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The fine art of domesticating a revolution

Cape Town, a parched city of rain worshippers and opposition contrarians, has in the past few years been refashioning itself as an art destination. New museums and art institutions have opened new spaces, among them the Zeitz Museum of Contemporary Art Africa, A4 Arts Foundation and the Maitland Institute.

Even the Cape Town Art Fair, a ropey spectacle in its first few years, has grown up. Last year, it secured a credible artistic director in curator Tumelo Mosaka, a worldly traveller with American museum experience, and recently bagged Investec as its title sponsor.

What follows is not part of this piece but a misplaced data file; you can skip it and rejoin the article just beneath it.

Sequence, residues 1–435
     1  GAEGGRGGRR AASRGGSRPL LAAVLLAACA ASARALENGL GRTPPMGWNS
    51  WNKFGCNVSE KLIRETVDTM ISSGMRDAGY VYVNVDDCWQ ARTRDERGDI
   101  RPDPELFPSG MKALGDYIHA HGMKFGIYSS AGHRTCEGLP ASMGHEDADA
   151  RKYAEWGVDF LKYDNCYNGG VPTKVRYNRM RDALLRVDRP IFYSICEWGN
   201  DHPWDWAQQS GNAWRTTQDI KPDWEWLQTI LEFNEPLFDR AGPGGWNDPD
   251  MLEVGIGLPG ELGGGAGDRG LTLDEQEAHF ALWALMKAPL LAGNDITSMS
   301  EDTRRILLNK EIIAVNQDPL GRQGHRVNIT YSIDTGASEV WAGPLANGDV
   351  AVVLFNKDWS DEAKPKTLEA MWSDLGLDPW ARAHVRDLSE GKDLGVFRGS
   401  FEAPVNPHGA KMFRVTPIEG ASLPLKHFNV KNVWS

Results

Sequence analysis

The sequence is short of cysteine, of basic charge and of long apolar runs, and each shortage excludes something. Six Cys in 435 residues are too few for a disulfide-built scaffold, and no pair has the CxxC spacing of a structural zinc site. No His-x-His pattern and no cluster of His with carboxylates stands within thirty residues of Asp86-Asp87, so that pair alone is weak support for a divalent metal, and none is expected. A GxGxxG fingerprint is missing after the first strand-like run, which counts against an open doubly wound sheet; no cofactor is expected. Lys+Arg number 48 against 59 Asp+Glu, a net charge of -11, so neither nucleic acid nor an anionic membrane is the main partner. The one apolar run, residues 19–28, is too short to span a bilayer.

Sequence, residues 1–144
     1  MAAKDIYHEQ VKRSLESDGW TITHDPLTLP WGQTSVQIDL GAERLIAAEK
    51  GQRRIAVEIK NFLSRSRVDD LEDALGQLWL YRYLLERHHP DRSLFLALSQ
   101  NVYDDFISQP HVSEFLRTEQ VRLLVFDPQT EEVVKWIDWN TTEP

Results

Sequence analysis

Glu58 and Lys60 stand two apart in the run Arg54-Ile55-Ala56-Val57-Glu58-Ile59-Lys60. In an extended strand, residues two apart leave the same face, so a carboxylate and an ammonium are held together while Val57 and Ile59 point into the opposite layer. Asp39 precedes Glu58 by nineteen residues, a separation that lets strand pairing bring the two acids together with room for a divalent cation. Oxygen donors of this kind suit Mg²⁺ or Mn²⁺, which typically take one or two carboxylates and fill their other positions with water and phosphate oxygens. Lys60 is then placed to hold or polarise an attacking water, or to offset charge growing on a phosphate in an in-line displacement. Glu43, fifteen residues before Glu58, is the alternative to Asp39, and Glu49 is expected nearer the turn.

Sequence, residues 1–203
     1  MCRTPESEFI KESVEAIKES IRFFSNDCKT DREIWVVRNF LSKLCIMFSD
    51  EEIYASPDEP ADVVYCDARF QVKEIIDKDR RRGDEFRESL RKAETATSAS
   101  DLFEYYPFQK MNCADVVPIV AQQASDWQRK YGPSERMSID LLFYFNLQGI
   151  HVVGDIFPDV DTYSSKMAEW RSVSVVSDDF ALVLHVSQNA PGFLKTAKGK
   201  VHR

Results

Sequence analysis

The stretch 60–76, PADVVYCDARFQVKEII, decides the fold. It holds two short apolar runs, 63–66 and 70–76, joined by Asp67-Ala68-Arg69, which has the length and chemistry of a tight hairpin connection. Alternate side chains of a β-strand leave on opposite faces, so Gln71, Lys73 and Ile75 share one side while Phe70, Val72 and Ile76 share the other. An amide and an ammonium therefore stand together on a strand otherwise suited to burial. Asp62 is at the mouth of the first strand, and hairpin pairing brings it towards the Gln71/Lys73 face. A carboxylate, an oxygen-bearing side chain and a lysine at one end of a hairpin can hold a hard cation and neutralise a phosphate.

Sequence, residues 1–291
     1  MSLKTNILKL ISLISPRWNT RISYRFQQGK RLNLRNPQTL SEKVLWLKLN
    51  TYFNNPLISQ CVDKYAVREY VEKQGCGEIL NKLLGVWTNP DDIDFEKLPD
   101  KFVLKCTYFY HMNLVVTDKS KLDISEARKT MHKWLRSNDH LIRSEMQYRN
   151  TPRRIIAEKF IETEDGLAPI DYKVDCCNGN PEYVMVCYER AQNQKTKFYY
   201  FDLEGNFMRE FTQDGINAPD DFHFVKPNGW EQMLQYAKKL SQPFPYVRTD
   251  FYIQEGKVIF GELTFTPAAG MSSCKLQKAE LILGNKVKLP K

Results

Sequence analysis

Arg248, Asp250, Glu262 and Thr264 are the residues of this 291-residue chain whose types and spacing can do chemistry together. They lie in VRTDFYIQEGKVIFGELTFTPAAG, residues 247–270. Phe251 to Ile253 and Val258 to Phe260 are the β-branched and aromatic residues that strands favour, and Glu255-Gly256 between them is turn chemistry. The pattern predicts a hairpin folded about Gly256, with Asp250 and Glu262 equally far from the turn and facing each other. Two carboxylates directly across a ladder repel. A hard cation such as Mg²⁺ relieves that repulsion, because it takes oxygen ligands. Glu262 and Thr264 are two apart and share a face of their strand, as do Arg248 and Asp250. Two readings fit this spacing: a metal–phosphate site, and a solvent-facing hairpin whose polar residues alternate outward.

A noteworthy feature of this year’s fair is its concerted focus on young women. Lungiswa Gqunta, Turiya Magadlela and Sethembile Msezane — all exciting talents with career momentum — have been commissioned to contribute new installations about “the everyday lives of contemporary women”.

Guest curator Nontobeko Ntombela has also produced an all-women exhibition for the SOLO section of the fair. The line-up includes Buhlebezwe Siwani, Pamela Phatsimo Sunstrum and Lhola Amira, a creative alias for Khanyisile Mbongwa, a founding member of the pioneering arts group, Gugulective.

Behind this selection is an accumulating number of social frustrations. They are summarised in a new viral language: #BlackLivesMatter, #RhodesMustFall, #FeesMustFall, #WhitePrivilege, #MeToo, #TimesUp, #MenAreTrash. Read more

2018-10-23T20:25:30+00:00